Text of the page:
What makes people choose or leave careers in the pursuit of "work-life balance"?

I started out my career as an employment lawyer in a large international law firm.  After a few years of long hours and considerable pressure, I decided I'd had enough and moved to an in-house role, in the hope that I'd have better work-life balance.  The reason for that move (or so I thought) was that I did not want to continue sacrificing so much of my time on late nights and weekends in the office, working on corporate deals that I didn't care about. However, having just watched a TEDx Exeter talk by Michelle Ryan (Professor of Social and Organisational Psychology at the University of Exeter) I think there were probably other factors also at play.

Many people assume that women choose not to go into particular jobs because of the long hours required and the sacrifices that need to be made - thereby making women seem less ambitious and more attracted to the idea of work-life balance than men.  However, Michelle Ryan's cutting-edge research into ambition and work-life balance across the gender divide shows that women's desire for work-life balance isn't innate or linked to the "biological clock".  There is something more complex going on.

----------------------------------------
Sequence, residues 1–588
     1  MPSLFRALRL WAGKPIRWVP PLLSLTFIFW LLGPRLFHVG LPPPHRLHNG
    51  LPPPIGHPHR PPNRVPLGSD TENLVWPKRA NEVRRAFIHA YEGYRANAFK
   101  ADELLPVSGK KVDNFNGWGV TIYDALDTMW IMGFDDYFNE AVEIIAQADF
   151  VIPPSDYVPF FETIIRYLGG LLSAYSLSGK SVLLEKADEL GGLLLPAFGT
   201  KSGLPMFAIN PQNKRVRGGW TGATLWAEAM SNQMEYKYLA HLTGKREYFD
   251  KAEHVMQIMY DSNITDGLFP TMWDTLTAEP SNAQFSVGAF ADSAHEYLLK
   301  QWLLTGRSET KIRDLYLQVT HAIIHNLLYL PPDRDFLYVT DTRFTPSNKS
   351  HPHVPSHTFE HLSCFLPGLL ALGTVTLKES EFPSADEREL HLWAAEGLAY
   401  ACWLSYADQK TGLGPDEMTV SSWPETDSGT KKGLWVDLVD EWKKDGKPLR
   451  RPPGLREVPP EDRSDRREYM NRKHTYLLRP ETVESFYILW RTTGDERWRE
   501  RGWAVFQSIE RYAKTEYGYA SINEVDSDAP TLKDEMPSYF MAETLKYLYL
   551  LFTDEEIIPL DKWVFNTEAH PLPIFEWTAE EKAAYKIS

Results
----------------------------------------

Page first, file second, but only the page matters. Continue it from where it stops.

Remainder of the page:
Ms Ryan suggests that a key driver is the willingness to make sacrifices for one's career.  Women who don't feel that they're similar to those who have been successful before them, and who don't feel they can succeed in the future, are unwilling to make sacrifices at home for their careers. Why? Because they feel that their sacrifices won't be rewarded, that they won't see the benefits.  

Who is prepared to make these sacrifices?  The research suggests that it's those who expect to succeed in the future, who have clear role models and a support network, and who feel that organisational success is meritocratic.  

So what can be done?  Ms Ryan suggests that "We need interventions and initiatives about work-life balance that go well beyond time - that focus on identity and belonging.  We need to send a message that all types of people can make it - so that women, people of colour, people from working-class backgrounds can imagine themselves in certain roles, that they can succeed in those roles, and be confident that the sacrifices they make will be worth it in the end".